And there was me thinking we were a party that believed in member democracy rather than anointed successors.

  • Stephen Hesketh 29th Apr '15 - 11:33am

    Charles Rothwell29th Apr ’15 – 9:20am

    Hi Charles, as John Tilley has already stated, you do indeed sum up the facts very well. I am virtually certain to back Tim Farron in the forthcoming leadership election but anyone who passionately believes in ALL the values of this party and will be listened to by our traditional supporters must be a major advance from the position we are in today.

    Without mentioning names, my fear is that your views will be deemed irrelevent though due to you possessing some degree of greying hair. Stand by for the question, “Were you born before 1965” accompanied by the accusation of you being a ‘baby boomer’.

  • Simon McGrath 29th Apr ’15 – 10:02am
    @John Tilley – did Nick give a target for the number of Cabinet Ministers?

    I suggest you ask women members of the party about Nick Clegg’s record on appointing Cabinet Ministers.

    As for the total number of Liberal Democrat Cabinet Ministers, I refer you to Nick Harvey’s recently published article.

  • JohnTilley 29th Apr ’15 – 9:44am
    Charles Rothwell 29th Apr ’15 – 9:20am
    “…Charles, I agree. You put the facts very well and the obvious choice for the future. It is the future of the party that is important.”

    Above is what I actually said in my comment.
    Anyone reading this thread can compare what I said to the words that were put into my mouth by TCO.

  • Stephen Hesketh 29th Apr '15 - 12:48pm

    JohnTilley29th Apr ’15 – 9:44am
    “It was Nick Clegg who said as leader he would double the number of MPs we had got elected in 2005. So anything less than 124 Liberal Democrat MPs next week and he will have missed his own target.”

    So no mention of 124 MP’s “give or take 100” ?

  • @John Tilley and they can also read the comment from Charles that you were responding to which said (and I quote):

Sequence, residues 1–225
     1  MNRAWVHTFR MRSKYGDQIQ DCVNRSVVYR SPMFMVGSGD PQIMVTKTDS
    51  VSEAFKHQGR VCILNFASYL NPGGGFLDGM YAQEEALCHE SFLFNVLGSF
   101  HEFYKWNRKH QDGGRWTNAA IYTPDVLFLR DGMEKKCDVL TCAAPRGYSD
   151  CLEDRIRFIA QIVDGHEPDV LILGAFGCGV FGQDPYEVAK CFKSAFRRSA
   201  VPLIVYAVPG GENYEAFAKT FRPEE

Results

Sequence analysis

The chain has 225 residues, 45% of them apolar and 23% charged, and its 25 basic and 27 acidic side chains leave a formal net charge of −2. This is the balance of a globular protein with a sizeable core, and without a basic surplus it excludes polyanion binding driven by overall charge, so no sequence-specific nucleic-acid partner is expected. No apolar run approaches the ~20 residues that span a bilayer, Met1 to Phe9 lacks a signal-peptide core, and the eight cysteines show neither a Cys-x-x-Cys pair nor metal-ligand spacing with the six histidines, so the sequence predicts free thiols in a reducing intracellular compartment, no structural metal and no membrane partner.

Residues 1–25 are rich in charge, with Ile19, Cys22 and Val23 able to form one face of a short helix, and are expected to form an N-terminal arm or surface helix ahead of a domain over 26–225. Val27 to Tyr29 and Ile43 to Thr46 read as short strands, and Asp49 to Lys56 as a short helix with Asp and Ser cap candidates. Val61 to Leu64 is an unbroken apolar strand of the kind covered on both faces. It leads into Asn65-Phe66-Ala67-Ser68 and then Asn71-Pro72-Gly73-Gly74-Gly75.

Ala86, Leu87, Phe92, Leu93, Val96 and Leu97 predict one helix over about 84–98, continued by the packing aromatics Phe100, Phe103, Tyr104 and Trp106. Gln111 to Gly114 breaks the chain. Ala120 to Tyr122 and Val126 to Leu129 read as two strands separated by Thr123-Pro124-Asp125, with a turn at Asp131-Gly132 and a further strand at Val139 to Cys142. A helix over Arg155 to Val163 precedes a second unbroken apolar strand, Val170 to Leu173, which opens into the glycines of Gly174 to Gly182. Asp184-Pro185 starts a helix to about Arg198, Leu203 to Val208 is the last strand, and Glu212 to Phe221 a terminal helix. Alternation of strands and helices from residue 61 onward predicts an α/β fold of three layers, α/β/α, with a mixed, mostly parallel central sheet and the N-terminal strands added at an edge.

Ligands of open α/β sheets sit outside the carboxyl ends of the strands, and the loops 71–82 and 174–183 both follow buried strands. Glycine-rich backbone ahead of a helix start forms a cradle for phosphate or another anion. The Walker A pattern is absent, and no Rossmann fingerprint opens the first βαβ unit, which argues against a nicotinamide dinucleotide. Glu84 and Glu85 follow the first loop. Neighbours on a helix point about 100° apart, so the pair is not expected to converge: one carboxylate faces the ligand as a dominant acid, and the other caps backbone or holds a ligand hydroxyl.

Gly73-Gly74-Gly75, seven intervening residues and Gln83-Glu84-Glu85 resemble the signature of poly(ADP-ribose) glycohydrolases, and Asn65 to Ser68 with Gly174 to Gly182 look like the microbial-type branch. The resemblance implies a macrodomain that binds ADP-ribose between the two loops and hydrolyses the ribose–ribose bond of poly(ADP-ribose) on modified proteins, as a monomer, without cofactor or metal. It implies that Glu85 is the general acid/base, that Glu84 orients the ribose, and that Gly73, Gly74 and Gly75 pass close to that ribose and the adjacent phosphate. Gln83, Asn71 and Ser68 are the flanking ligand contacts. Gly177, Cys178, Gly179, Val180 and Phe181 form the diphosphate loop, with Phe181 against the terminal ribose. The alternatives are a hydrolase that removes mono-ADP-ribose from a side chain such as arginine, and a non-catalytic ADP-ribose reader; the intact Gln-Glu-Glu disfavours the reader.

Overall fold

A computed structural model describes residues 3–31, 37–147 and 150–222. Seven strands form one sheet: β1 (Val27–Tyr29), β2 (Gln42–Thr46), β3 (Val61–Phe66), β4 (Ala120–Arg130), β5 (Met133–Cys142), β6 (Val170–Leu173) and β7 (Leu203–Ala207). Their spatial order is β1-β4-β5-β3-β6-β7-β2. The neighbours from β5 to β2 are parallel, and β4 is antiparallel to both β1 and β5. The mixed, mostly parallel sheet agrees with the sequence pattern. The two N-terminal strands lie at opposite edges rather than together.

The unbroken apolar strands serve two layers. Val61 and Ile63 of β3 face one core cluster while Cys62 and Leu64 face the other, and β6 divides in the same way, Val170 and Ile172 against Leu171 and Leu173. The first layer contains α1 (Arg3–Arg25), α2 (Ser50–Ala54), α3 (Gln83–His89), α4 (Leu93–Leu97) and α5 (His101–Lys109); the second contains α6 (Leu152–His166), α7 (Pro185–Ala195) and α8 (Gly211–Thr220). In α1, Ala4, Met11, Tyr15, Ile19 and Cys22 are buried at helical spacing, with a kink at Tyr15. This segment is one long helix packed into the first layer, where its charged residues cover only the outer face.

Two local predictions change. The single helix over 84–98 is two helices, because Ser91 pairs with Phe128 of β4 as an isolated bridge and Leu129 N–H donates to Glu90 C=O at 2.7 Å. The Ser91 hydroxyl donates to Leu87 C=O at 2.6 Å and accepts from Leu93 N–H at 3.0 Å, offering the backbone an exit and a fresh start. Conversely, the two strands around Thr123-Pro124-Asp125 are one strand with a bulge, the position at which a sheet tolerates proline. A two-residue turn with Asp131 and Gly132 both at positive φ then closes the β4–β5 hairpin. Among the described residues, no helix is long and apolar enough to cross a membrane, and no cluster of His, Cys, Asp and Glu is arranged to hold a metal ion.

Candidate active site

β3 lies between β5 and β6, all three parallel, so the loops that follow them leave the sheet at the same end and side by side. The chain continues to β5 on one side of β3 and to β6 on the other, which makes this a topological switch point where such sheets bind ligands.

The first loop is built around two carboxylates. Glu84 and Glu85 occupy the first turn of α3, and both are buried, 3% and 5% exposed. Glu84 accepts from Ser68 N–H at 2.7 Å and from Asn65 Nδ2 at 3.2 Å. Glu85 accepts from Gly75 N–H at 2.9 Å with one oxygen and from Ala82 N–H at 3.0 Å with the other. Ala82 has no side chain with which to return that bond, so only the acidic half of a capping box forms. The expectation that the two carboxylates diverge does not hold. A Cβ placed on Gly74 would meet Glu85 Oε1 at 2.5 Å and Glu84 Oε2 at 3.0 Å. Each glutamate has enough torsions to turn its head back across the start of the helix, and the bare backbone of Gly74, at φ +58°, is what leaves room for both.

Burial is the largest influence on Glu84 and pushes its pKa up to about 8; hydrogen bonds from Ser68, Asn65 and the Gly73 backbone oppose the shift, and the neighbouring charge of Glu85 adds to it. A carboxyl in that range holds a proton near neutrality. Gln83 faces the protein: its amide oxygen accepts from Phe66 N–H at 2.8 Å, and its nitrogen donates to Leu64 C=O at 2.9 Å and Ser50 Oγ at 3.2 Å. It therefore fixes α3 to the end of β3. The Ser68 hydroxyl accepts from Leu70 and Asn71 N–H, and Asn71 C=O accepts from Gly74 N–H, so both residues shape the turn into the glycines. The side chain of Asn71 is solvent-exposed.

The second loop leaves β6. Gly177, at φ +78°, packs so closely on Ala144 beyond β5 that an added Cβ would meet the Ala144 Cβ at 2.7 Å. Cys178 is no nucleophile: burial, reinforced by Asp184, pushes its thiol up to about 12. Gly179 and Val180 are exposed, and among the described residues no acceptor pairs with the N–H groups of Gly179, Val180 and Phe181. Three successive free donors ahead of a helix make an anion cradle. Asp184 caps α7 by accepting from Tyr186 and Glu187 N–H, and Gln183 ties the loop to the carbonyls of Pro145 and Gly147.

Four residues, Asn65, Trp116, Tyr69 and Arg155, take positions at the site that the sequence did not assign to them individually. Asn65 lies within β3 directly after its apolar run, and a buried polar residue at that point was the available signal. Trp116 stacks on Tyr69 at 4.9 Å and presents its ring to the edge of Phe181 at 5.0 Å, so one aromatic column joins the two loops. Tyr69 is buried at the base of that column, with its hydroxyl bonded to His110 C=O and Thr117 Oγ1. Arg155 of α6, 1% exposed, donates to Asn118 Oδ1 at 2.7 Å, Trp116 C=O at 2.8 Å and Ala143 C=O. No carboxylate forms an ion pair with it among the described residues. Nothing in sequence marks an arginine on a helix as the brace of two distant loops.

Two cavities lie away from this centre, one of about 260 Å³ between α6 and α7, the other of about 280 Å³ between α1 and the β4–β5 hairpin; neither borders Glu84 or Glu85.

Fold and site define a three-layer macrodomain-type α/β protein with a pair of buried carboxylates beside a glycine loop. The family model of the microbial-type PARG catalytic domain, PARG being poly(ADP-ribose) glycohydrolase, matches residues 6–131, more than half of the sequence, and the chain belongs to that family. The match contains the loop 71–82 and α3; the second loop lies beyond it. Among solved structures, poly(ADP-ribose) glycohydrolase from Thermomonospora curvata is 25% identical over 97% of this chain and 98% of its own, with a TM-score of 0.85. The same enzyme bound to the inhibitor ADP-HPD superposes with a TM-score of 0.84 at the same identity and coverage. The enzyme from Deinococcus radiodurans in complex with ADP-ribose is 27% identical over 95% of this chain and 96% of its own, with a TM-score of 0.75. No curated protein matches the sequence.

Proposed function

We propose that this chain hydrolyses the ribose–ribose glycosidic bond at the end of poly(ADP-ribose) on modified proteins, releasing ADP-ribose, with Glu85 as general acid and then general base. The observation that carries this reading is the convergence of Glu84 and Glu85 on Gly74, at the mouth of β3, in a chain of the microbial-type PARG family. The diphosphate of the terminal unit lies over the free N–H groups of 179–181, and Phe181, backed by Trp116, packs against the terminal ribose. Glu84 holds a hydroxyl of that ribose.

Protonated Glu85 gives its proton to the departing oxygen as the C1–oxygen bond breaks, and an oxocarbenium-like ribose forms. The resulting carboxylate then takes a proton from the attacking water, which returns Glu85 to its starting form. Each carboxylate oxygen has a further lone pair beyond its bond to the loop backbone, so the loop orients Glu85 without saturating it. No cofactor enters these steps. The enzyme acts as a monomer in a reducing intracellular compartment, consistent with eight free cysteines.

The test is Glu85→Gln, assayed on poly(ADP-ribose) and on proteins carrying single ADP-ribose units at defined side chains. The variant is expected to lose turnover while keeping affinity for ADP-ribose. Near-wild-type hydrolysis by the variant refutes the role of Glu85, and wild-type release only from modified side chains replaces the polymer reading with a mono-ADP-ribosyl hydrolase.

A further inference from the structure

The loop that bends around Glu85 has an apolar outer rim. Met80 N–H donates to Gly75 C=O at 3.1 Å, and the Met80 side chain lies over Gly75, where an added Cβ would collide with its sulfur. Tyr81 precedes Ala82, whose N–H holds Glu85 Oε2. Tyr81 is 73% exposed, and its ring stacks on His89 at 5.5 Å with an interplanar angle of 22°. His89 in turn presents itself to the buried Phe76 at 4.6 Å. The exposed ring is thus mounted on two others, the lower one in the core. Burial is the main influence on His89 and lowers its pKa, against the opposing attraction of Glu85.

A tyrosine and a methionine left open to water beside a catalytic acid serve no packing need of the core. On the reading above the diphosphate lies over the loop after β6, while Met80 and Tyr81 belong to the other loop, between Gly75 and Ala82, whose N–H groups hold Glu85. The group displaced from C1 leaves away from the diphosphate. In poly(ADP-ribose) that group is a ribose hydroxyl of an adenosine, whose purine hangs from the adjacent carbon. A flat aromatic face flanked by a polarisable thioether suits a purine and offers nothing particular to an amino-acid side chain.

“having watched the interview with Farron on “Newsnight” yesterday evening, I really cannot believe the Party would be doing worse/continually failing to break out of the 10% range with someone like Farronat the top instead.”

    This is followed immediately by your comment “Charles, I agree”.

    I think most observers will draw their own conclusions as to where your sympathies lie.

  • matt (Bristol) 29th Apr '15 - 1:24pm

    I think sane LibDems – of all kinds – should consider whether to reconsider the leadership after the election, not before.

    It is pointless doing so beforehand as the proportion of MPs we have in marginal seats is so huge. Even if we were hypothetically to decide that who ever is MP for Orkney and Shetland is always leader as that is the only really safe seat we have, we should restrain ourselves at this time – the group of MPs around the leader within the parliamentary party is as key for the direciton of travel as the leader themselves; whoever the membership want the leader will need parliamentary support.

    Wait to see what the balance is within the party in parliament, and where any negotiative process leaves us – and how poinsoned that chalice is – before playing fantasy football.

  • Samuel Griffiths 29th Apr '15 - 1:40pm

    Very much in agreement with you, Matt. Whatever positive light we wish to spin on it, LibDem seats are very much at risk in this election. Fighting those seats should be the first priority and considering the future of the party second. This parliament is now over and like it or not a change in leadership is not going to change people’s minds on how they view the coalitions legacy.

  • matt (Bristol) 29th Apr '15 - 5:09pm

    Samuel, I agree with you but I was also making the (marginally more cynical) point that who our MPs will be on 8May will have a direct effect on any leadership contest. Throwing names of hypothetical leaders into the air before the shape and political leanings is known of the parliamentary party from whom that leader must come and whose support for any leader will be key (pause) … is totally daft.